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Science and Empire in East Asia: Qing Imperial Order and the Spatial Dynamics of Knowledge

Sun, June 26, 10:30am to 12:20pm, Shikokan (SK), Floor: 1F, 107

Session Submission Type: Organized Panel Proposal Application


Twentieth century historiography of imperialism has consistently depicted China as patient rather than as agent. In keeping with this view, historians of science have long narrated Qing China’s encounter with “modern science” as a failure to emulate institutions of knowledge already developed by expanding Western powers. However, early and mid-Qing China was itself an expanding empire. This panel proposes to apply to the Qing Empire two questions that have been thoroughly investigated in the case of European colonial powers. Firstly, how did Qing imperial expansion and scientific knowledge interact with one another? Secondly, how did the construction of the Qing Empire shape the production and circulation of knowledge at a regional level, both within its borders, and beyond them?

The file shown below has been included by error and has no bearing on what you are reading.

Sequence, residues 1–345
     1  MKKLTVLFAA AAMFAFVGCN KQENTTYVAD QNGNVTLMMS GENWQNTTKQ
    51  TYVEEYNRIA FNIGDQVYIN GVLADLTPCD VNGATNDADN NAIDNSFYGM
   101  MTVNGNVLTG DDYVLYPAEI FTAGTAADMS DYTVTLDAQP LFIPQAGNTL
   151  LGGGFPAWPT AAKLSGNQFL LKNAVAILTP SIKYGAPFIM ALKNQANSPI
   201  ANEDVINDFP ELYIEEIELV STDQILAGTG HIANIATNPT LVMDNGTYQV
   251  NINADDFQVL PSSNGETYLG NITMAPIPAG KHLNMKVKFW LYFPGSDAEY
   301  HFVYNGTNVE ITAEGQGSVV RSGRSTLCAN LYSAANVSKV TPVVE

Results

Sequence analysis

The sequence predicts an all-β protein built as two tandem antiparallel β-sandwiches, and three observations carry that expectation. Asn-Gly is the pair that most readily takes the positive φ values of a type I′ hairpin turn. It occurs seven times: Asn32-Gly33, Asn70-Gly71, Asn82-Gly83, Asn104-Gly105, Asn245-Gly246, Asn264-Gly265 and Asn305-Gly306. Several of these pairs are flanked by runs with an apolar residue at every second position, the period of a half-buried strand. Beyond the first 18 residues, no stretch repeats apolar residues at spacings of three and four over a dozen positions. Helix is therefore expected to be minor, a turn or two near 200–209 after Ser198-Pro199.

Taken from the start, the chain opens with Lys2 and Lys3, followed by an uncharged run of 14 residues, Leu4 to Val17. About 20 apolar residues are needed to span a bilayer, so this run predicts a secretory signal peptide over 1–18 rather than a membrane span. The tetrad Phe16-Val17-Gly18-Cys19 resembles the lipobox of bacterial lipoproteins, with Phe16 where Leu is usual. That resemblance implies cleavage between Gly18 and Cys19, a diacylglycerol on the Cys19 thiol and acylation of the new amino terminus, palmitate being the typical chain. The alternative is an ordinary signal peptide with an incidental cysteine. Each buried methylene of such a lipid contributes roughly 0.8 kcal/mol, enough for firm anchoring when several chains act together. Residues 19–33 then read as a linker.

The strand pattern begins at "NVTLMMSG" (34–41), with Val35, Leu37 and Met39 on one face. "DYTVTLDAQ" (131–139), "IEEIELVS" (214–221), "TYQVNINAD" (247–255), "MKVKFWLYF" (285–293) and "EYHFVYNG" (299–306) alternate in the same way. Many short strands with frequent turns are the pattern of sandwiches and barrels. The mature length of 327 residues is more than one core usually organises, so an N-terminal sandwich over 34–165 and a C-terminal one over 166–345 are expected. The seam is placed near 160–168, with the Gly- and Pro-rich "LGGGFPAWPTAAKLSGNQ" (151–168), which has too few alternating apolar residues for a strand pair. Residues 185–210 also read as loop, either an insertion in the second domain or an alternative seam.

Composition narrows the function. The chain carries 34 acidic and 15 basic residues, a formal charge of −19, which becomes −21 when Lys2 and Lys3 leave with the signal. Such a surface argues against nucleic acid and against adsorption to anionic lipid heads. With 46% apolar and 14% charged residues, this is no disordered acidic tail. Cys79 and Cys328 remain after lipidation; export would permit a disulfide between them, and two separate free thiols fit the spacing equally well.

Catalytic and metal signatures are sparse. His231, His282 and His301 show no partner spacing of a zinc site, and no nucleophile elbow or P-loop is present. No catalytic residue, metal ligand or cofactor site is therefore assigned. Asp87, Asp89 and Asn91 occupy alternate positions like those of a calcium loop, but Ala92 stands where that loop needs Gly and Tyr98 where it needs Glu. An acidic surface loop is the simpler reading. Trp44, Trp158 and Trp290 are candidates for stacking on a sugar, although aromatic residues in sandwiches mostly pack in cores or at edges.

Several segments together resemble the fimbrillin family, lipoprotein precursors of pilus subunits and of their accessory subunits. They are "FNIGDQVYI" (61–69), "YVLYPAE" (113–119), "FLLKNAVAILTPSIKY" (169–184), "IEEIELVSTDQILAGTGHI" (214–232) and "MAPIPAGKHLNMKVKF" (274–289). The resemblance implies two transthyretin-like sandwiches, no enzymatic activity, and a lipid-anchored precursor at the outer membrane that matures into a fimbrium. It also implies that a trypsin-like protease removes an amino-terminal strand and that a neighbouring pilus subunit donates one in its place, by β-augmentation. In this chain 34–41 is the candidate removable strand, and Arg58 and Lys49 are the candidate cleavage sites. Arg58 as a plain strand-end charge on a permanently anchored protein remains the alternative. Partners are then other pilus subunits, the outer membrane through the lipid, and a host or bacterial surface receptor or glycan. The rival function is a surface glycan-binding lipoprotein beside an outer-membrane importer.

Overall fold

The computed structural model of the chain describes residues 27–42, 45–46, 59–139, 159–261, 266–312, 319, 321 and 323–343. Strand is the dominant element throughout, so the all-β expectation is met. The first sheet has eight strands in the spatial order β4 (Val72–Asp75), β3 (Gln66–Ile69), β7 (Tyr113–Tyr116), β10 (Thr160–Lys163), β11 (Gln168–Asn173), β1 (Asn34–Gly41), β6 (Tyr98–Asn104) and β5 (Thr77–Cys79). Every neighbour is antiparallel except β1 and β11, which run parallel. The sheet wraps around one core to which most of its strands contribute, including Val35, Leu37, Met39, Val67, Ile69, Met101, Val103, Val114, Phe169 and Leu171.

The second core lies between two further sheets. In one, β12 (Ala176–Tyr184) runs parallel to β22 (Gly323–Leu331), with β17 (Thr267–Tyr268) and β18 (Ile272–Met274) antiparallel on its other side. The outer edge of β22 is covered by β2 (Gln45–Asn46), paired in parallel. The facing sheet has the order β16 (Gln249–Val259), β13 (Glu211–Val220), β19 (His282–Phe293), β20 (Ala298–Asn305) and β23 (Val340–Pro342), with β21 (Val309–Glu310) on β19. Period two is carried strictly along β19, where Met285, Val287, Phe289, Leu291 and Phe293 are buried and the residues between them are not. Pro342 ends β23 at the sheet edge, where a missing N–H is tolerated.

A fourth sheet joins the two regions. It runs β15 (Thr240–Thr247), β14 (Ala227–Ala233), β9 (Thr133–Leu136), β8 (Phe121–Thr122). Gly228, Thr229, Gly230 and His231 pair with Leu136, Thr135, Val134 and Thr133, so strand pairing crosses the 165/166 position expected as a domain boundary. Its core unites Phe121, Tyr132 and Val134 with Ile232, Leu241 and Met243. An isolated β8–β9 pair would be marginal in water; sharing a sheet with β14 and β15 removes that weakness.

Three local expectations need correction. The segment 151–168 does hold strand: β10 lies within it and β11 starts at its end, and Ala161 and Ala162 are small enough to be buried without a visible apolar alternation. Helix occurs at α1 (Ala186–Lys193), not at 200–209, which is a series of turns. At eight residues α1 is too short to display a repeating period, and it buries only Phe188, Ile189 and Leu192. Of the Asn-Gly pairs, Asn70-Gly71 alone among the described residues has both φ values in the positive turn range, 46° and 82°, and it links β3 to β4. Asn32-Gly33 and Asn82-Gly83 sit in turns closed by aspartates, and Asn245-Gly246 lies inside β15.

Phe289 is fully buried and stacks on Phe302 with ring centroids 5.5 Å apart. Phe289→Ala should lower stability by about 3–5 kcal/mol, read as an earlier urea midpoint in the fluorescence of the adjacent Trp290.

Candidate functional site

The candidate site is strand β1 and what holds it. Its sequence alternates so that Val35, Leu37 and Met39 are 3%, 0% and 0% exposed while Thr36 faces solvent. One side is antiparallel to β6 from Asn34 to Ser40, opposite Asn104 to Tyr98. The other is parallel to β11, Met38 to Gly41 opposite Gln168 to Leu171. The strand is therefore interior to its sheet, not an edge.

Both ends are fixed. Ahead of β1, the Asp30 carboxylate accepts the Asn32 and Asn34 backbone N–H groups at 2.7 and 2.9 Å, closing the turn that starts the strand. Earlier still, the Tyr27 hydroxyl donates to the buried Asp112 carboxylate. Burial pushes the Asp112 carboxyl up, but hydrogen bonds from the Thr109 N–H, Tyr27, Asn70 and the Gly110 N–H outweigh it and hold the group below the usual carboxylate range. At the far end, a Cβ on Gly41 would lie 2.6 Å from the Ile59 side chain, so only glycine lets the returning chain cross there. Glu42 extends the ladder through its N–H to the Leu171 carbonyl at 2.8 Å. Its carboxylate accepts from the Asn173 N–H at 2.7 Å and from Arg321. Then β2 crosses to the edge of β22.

These issues are explored in two ways. The first two contributions address different ways of knowing about empire. Mario Cams sheds new light on cartography, a paradigmatic example of the early modern globalization of scientific practice. Catherine Jami focuses on scientific and technical knowledge turned into scholarly discourse in the Kangxi Emperor’s “investigation of things” (gewu). The two other contributions look at knowledge circulation across the empire’s borders. Lim Jongtae interprets the Pukhak (Northern Learning) agenda in late 18th century Korea as that of scholars from a cultural margin who had the opportunity to travel to the metropolis. Mathias Vigouroux shows the role of traveling experts and of the scholarly practice of “brush conversation” in the reception of Chinese medical knowledge in Edo Japan.

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